Benefits of Recycling.com is presenting this series of pages on global warming becaue we believe there is evidence to support it is real. Even so, we are open to be proven wrong, which is why there are pages on why it is not real. Fair is fair.
The truth is we just want people to be aware that human activities (as well as natural causes) have the possibility of creating adverse effects in the US, Antarctica, Greenland, and throughout the world.
Whether you believe global warming is real or not, we invite you to read what we have uncovered on the many pages of this site… and beyond. Remember, knowledge is power.
Global Warming Laws / What can we do about the trends?
When the scientists identified a rapid progression of global warming followed by serious climate changes during the last decades of the 20th century, humanity started to look for the options to slow down those threatening trends.
Moreover, since human activity is believed to be the major cause of global warming, it seems fair enough that humans will make efforts to fix the environmental problems (including finding ways to prevent global warming), we are all faced with.
Global Warming Laws / The Koyoto Protocol
Today the actual steps to prevent further progression of global warming and climate changes are defined in a number of laws, regulations and international treaties. However, the most significant law in the sphere of global climate protection is called Kyoto Protocol.
Another important document is United Nations Framework Convention on Climate Changes. In fact, these two documents are closely related with each other: while the convention recommends certain steps to prevent global warming progression, the Kyoto Protocol commits countries that signed the document, to follow those steps.
Global Warming Laws / The Greenhouse Gas Effect
The major goal of the above mentioned international treaties is to stabilize the concentration of greenhouse gases in the atmosphere and even to reduce it. It is a scientifically proven fact that the growing concentration of greenhouse gases increases the average global temperature, thus accelerating global warming processes.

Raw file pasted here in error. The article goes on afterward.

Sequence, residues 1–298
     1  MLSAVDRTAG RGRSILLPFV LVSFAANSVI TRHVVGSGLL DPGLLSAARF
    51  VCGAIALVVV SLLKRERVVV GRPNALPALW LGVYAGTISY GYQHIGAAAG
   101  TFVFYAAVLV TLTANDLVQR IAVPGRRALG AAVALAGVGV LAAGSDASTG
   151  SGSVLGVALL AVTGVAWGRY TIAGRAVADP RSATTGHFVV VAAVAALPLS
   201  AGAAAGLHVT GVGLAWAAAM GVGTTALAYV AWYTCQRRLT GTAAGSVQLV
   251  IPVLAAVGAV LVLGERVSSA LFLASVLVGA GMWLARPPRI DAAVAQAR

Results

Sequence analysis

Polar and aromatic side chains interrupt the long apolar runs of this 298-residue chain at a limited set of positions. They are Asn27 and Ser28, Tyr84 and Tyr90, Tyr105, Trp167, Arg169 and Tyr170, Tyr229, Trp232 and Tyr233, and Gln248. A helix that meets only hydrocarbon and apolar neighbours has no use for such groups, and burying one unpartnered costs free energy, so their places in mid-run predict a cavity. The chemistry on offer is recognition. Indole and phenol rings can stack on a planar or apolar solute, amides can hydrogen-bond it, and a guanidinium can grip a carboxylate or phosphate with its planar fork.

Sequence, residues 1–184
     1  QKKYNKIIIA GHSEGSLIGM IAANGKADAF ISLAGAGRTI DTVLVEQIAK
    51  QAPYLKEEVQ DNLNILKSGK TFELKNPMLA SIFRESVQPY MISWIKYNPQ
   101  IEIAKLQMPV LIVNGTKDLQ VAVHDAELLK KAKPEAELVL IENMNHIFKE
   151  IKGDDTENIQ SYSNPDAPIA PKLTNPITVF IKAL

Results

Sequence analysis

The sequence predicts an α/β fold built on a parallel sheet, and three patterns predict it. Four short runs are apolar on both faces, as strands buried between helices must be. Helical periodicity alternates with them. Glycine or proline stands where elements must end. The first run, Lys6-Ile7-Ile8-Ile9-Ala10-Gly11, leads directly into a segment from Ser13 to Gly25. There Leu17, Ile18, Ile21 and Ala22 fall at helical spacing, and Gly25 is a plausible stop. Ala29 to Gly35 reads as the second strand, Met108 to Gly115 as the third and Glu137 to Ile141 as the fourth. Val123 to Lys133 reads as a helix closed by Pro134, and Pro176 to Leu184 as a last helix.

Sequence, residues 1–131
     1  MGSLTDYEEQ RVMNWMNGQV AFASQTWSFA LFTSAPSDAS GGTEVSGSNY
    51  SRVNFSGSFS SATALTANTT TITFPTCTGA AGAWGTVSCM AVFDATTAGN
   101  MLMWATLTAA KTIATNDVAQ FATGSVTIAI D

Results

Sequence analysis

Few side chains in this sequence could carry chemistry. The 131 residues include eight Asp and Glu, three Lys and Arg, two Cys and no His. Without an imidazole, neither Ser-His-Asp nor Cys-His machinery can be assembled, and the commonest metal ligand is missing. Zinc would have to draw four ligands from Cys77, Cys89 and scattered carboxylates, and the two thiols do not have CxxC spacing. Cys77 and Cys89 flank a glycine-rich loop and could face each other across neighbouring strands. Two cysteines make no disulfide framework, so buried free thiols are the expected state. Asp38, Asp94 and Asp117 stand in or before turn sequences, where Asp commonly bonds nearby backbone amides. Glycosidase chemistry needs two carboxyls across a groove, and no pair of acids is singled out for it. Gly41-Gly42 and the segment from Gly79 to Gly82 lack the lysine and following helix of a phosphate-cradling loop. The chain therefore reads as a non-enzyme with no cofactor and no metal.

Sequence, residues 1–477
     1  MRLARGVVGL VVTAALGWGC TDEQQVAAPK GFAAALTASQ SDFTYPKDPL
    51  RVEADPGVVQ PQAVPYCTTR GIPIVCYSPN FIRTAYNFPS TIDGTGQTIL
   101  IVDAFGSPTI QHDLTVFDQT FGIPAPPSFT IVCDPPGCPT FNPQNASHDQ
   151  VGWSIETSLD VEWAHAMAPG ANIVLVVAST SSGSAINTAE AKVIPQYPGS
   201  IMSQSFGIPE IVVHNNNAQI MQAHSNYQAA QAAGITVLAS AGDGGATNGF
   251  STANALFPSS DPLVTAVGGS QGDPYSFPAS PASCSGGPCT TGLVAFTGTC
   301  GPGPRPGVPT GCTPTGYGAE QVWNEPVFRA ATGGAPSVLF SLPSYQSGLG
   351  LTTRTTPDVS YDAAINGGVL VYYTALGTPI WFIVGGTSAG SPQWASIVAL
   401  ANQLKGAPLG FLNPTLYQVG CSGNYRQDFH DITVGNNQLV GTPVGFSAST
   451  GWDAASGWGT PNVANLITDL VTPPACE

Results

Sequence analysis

Since the major amount of greenhouse gases are released during particular manufacturing processes, Kyoto Protocol aims primarily to reduce those emissions in different countries around the world.
Global Warming Laws / The 4 Gases to Watch
Four greenhouse gases are targeted by the Kyoto Protocol.
They are carbon dioxide, methane, nitrous oxide and sulphur hexafluoride. Reducing the emission of carbon dioxide is prehaps the most significant, since it is the second most prevalent greenhouse gas after water vapor, and this gas is released in huge amounts when fossil fuels are burned for energy.
Besides, the Kyoto Protocol also calls for reduction of hydrofluorocarbons and perfluorocarbons, which also have a negative impact of global climate.
Countries involved are making positive changes by exploring alternative forms of energy (wind, ethanol, nuclear, solar, etc.), manufacturing alternative energy vehicles, developing localized recycling programs, and more.
Global Warming Laws / The Countries
The industrialized countries that ratified the Protocol, such as Germany, Canada, France, Japan, UK and others, which are considered to be the major sources of greenhouse gases, agreed to reduce their collective greenhouse gases emissions by 5.2% from the base level in 1990. This goal should be achieved till 2012.
To date 184 countries signed the Kyoto Protocol, which was initially adopted in 1997 in Kyoto, Japan. What is interesting to note is that the USA, being the largest greenhouse gas emitter on the per capita basis, has not yet ratified this international treaty.
The United States, on the other hand, developed several other its own laws. One of them is called Clean Air Act. Though this document does not focus directly on the greenhouse gases, as the Kyoto Protocol, it also sets important goals to improve the quality of air and limit the emissions of harmful gases into the atmosphere.
Finally, it is important to note that the first commitment period, defined the Kyoto Protocol, will end in 2012. Consequently, a new international treaty is expected to appear with new legal requirements for the countries to reduce their emissions of greenhouse gases and thus prevent further progression of global warming.
Global Warming Laws / Sources